Quantcast

Agrichemical Industry 'Attack Dog' Hired to Discredit Teenage Anti-GMO Activist

Food

The U.S. agrichemical lobby targeted a Canadian teenager as part of its "increasingly nasty and divisive public relations war over GMOs," according to new reporting from Global News.

Rachel Parent was 14 years old when her activism around labeling genetically modified organisms (GMOs) in food caught the eye of pro-GMO corporations and lobby groups.

Rachel Parent, founder of the not-for-profit organization Kids Right To Know, was reportedly targeted by the pro-GMO lobby. Photo credit: GlobalNews.ca / Screenshot

According to emails and thousands of other pages of documents released in a freedom of information request by U.S. Right to Know (USRTK), a non-profit advocacy group funded by the Organic Consumers Association, these industry forces conspired to think of ways to discredit Parent and counter her message.

"It's mostly scientists that they attack, but Rachel is a standout," Gary Ruskin, the co-director of USRTK, told Global News. "The agrichemical industry is plainly quite threatened by this teenage schoolgirl, so that’s why they're after her."

Among other things, the news outlet reports that University of Florida professor Kevin Folta—whom Ruskin describes as "one of the principal attack dogs of the agrichemical industry"—was hired by public relations firm Ketchum to make a video about Parent.

According to Global News:

The video discussed Parent’s activism, her belief that all GMO food products should be labeled and addressed her apparent lack of scientific knowledge.

“So when I think about answering Rachel Parent, who’s the activist child—well, young woman—who’s running the website ‘Kids Right to Know' … The things I just adore about Rachel is that she’s clearly very articulate, clearly intelligent,” Folta said in the video.

“The problem that I have is when Rachel starts to let non-scientific thinking really kind of cloud her final decision-making process.”

Parent said she finds the tone of the video “almost degrading.”

A poll commissioned by a coalition of consumer and environmental groups showed earlier this month that nearly 90 percent of Americans want mandatory labeling on GMO foods.

For more, see the Global News video below:

YOU MIGHT ALSO LIKE

5 Things Monsanto Doesn’t Want You to Know About the GMO Labeling Debate

EcoWatch Daily Newsletter

Record flood water levels in Venice hit again on Sunday making this the worst week of flooding in the city in over 50 years.

Read More Show Less

By Brian Barth

Late fall, after the last crops have been harvested, is a time to rest and reflect on the successes and challenges of the gardening year. But for those whose need to putter around in the garden doesn't end when cold weather comes, there's surely a few lingering chores. Get them done now and you'll be ahead of the game in spring.

Read More Show Less
Sponsored
(L) Selma Three Stone Engagement Ring. (R) The Greener Diamond Farm Project. MiaDonna

By Bailey Hopp

If you had to choose a diamond for your engagement ring from below or above the ground, which would you pick … and why would you pick it? This is the main question consumers are facing when picking out their diamond engagement ring today. With a dramatic increase in demand for conflict-free lab-grown diamonds, the diamond industry is shifting right before our eyes.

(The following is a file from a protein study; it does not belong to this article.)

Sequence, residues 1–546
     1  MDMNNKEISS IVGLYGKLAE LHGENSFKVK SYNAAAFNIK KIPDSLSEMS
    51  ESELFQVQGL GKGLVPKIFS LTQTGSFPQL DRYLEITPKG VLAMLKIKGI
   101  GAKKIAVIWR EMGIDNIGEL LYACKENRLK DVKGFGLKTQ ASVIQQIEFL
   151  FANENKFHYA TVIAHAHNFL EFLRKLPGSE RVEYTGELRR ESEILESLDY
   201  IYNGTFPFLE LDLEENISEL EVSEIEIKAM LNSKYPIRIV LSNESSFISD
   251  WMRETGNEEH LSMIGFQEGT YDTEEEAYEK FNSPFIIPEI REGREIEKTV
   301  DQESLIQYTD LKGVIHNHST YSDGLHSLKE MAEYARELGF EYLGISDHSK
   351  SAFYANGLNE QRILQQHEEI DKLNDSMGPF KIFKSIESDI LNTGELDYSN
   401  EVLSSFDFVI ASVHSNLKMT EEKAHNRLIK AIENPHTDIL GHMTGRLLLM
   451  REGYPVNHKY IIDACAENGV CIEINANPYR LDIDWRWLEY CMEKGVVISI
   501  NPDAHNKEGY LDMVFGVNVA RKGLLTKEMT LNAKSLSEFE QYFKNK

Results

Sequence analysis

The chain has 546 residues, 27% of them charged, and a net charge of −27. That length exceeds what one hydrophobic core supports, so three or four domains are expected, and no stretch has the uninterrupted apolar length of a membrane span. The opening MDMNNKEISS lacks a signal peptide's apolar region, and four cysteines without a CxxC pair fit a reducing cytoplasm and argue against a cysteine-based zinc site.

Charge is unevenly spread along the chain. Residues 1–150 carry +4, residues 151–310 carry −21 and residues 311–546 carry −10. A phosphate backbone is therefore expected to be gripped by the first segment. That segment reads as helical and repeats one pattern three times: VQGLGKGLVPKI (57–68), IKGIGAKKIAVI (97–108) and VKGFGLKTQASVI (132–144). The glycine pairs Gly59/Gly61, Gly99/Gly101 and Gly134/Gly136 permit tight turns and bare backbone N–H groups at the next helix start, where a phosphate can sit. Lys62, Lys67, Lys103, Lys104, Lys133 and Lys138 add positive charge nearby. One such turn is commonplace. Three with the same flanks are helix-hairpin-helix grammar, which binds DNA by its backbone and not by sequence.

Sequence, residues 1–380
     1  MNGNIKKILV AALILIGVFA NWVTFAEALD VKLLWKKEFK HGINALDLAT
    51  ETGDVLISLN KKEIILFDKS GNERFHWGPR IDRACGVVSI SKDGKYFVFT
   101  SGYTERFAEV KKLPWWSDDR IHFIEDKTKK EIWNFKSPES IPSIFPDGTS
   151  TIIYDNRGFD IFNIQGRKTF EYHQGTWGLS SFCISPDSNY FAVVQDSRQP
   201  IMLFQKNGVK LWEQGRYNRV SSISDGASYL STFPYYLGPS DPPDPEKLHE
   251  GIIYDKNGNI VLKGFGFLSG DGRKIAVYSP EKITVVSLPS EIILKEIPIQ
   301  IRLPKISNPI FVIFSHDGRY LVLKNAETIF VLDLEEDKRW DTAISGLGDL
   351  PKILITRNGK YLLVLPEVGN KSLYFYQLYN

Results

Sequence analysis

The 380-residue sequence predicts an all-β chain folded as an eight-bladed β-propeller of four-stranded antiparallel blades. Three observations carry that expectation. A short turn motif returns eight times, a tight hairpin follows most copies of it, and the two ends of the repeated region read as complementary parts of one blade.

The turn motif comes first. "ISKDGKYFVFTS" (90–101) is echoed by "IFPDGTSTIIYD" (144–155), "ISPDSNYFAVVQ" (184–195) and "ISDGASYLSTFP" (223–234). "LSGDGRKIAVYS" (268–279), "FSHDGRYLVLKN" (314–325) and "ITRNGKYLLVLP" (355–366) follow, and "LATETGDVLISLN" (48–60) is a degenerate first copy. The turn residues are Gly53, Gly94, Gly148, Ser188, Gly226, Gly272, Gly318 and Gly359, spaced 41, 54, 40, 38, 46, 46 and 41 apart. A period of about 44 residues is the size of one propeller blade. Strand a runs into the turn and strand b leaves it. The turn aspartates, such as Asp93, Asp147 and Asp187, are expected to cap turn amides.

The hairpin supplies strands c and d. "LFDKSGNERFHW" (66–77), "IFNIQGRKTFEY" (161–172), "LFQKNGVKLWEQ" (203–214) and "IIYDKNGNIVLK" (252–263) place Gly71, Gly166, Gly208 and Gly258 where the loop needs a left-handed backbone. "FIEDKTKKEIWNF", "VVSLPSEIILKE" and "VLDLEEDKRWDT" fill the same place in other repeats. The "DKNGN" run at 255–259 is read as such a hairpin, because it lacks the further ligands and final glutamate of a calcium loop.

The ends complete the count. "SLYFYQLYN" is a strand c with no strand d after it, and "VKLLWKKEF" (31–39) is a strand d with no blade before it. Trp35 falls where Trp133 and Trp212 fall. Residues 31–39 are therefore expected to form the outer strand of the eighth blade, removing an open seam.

Read More Show Less
(L) 3D graphical representation of a spherical-shaped, measles virus particle that is studded with glycoprotein tubercles.
(R) The measles virus pictured under a microscope. PHIL / CDC

The Pacific Island nation of Samoa declared a state of emergency this week, closed all of its schools and limited the number of public gatherings allowed after a measles outbreak has swept across the country of just 200,000 people, according to Reuters.

Read More Show Less
Austin Nuñez is Chairman of the Tohono O'odham Nation, which joined with the Hopi and Pascua Yaqui Tribes to fight a proposed open-pit copper mine on sacred sites in Arizona. Mamta Popat

By Alison Cagle

Rising above the Arizona desert, the Santa Rita Mountains cradle 10,000 years of Indigenous history. The Tohono O'odham Nation, Pascua Yaqui Tribe, and Hopi Tribe, among numerous other tribes, have worshipped, foraged, hunted and laid their ancestors to rest in the mountains for generations.

Read More Show Less
Sponsored
The Navajo Nation has suffered from limited freshwater resources as a result of climate, insufficient infrastructure, and contamination. They collaborated with NASA to develop the Drought Severity Evaluation Tool. NASA Goddard Space Flight Center

Native Americans are disproportionately without access to clean water, according to a new report, "Closing the Water Access Gap in the United States: A National Action Plan," to be released this afternoon, which shows that more than two million Americans do not have access to access to running water, indoor plumbing or wastewater services.

Read More Show Less
Wild Exmoor ponies graze on a meadow in the Czech Republic. rapier / iStock / Getty Images Plus

By Nanticha Ocharoenchai

In the Czech Republic, horses have become the knights in shining armor. A study published in the Journal for Nature Conservation suggests that returning feral horses to grasslands in Podyjí National Park could help boost the numbers of several threatened butterfly species.

Read More Show Less

Despite huge strides in improving the lives of children since 1989, many of the world's poorest are being left behind, the United Nations children's fund UNICEF warned Monday.

Read More Show Less